The ‘values-driven’ world of the Western ‘knowledge class’ is at odds with the ‘productive class’, represented by the schism manifested by the shift to populism and democracy in European countries such as Italy, Sweden and Hungary. The neoliberal dream of “deterritorialization” and degradation of the nation-state and civilizational domains – considered part of the raison d’etat of a globalized market – is seen as a major threat by Russia. Russia’s policy of pushback in Ukraine has long been nurtured by Russian analysts. This is not a recent reaction from some hard-liners in the Kremlin, nor an idea dreamed up by the mad czar. It is considered sacrosanct that globalization on the scale seen so far is a strategic disaster for Russian interests due to the hegemonic effects of US financial and technological monopolization of the world. Therefore, for Russia, the war in Ukraine serves two purposes. One is the expulsion of NATO from Eastern Europe and the second is to foment a crisis of confidence in globalization and to build new blocks of cooperation in the East.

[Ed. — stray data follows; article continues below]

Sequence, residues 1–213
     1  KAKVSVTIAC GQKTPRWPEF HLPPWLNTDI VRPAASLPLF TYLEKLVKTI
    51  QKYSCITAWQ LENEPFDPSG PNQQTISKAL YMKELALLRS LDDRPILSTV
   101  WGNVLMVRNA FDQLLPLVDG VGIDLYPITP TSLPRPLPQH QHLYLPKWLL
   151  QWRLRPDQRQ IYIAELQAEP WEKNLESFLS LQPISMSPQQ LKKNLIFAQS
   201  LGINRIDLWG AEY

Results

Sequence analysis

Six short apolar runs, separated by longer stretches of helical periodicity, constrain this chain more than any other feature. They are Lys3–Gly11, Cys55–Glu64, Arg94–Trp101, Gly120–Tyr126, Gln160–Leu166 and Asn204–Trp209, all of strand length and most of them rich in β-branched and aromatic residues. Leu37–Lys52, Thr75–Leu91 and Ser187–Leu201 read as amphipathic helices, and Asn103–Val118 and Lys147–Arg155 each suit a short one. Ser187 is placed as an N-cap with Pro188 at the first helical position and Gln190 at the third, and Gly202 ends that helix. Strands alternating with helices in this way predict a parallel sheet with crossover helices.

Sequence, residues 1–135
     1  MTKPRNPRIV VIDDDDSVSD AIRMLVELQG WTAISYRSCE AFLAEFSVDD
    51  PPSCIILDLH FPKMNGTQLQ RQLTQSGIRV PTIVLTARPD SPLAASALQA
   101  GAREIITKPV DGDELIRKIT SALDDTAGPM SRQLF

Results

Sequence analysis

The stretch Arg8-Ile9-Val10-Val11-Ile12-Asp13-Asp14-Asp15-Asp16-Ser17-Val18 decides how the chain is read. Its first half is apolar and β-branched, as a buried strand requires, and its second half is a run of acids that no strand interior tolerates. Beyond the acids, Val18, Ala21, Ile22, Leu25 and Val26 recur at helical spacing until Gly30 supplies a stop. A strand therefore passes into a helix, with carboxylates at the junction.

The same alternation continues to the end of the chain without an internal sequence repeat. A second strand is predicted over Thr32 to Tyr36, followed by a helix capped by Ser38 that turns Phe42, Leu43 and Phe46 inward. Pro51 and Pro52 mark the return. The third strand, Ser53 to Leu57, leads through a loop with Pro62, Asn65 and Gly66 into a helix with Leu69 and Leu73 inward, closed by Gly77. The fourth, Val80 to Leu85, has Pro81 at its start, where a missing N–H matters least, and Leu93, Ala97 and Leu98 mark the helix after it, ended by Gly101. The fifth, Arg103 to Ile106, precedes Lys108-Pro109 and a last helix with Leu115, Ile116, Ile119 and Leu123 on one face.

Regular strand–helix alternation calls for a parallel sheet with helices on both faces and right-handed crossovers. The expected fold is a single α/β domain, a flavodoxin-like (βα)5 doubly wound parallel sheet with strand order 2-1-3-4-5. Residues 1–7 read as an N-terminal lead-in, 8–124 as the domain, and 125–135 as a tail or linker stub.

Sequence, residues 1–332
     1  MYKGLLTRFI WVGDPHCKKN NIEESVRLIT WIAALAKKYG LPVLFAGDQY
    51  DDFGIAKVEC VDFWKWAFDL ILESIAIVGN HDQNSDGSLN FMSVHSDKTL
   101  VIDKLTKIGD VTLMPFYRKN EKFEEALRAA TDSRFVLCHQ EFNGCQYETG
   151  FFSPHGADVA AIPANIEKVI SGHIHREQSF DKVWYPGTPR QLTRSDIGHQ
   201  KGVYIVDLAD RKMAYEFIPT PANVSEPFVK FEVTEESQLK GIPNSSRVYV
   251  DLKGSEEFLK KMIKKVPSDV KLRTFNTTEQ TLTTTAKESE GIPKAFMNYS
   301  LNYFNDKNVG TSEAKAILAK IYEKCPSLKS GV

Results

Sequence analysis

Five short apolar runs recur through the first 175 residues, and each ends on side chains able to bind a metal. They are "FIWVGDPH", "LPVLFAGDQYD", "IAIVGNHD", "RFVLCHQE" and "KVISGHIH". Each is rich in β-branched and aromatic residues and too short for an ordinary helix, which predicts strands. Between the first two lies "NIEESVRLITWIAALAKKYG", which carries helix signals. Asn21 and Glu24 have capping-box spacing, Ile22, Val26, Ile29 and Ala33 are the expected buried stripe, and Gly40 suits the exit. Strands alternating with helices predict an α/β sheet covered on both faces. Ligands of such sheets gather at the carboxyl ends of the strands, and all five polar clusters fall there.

Russia, China and a resurgent Germany would pose an existential threat to American interests, which are already suffering from internal dissonance and social breakdown. American institutions fail to represent the heterogeneity that existed after World War II. The United States, because of this internal dissonance, has always needed an enemy, first Communism and then Islam. At the same time, it enabled massive spending and a war economy that was an exportable commodity. Military aid to Ukraine is the global tax on such a system. As Vladimir Lenin apparently noted (although the quote was never attributed to him), at the heart of the Western mission is a contradiction. “When the time comes to hang the capitalists, they will sell us the rope.” This contradiction is most marked when liberal democracy has attempted to legitimize capital through a global system based on liberal values.